remember those who did not make it out of Iraq alive.

I remember and treasure my friendship with Army Major John P. Pryor — a talented and well-known trauma surgeon at the Hospital of the University of Pennsylvania – who said goodbye to his wife and three children on
9/11 and headed straight to Ground Zero to provide care. Moved by what he saw, he joined the Army Reserve and deployed to Iraq with me as a combat surgeon. John was killed on Christmas Day in 2008, when a mortar
round struck near his living quarters in Mosul, Iraq. His wife and children never got to see him come home.

This Memorial Day weekend, let’s laugh and play. Let’s gather with our friends and family and celebrate the start of the season. But as we do, let’s not forget why we are able to gather in peace without fear. Let’s pause and remember why we can tuck our children into bed at night, safe, sound, and secure. The fact that we take these gifts for granted every day is itself a gift that our servicemembers fight and die for. So let’s take a moment to look up to the heavens and say _thank you_ to those who put on our nation’s uniform;

Those who answered the call;

Those who – without fanfare or applause — kissed their children, their parents, their loved ones good-bye;

Those who cashed in their comfort, safety, and security for ours;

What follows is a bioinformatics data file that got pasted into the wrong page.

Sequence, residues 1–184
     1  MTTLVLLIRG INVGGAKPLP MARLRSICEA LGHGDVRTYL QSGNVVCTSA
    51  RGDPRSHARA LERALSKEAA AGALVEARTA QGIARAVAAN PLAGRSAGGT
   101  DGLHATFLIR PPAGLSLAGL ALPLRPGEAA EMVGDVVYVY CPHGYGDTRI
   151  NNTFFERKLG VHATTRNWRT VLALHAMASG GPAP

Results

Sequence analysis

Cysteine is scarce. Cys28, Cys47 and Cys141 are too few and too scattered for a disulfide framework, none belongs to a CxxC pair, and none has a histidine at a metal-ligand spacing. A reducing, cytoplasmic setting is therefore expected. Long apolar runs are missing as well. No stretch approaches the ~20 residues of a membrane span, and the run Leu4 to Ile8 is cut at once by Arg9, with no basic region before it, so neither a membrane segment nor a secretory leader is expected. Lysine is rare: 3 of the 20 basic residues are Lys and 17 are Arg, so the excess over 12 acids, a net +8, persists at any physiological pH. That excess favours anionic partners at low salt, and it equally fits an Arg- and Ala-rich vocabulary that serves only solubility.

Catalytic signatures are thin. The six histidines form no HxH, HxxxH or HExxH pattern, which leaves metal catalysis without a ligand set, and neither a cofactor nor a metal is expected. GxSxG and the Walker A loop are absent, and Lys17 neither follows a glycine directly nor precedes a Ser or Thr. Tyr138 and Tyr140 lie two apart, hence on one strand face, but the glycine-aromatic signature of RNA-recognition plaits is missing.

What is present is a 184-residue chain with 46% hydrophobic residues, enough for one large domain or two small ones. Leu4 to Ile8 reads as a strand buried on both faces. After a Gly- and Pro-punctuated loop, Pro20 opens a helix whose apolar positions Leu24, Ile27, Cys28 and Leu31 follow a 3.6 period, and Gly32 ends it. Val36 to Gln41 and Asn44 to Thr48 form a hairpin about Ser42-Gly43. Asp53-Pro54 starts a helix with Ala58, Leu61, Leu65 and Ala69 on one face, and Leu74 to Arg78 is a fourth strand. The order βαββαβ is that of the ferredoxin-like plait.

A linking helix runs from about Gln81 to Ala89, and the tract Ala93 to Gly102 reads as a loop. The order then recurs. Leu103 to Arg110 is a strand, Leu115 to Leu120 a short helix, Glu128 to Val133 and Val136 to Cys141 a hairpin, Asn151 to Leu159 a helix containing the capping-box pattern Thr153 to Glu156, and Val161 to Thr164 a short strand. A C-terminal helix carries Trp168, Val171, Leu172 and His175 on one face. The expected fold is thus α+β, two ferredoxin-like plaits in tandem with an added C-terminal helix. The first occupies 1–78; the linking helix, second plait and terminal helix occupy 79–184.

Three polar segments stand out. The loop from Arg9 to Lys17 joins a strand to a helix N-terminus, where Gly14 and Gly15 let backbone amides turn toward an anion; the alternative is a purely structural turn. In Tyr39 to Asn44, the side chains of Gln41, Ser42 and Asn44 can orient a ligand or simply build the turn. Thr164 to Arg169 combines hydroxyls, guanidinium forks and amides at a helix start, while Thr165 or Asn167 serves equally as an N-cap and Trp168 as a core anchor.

Those who served this country;

And those who gave the last full measure of devotion — the ultimate sacrifice — that you and I might stand here today.

Freedom rests on the shoulders of those who were willing to bleed and die to preserve this gift for generations of Americans they will never meet. As we go about our weekend, let us recognize and treasure every ounce of that freedom we enjoy – not in spite of, but because of the heavy truths that we memorialize this weekend: Freedom comes at a high price. Remember those who paid your bill, with their life.

The United States truly is “the land of the free and the home of the brave.”

One comment:

  1. Brad,
    Thank you for those poignant thoughts on what this day stands for. Keep up the good work in Washington. Please turn around the sad situation in the VA.

Leave a Reply

Your email address will not be published. Required fields are marked *

© The People's Defender - All rights reserved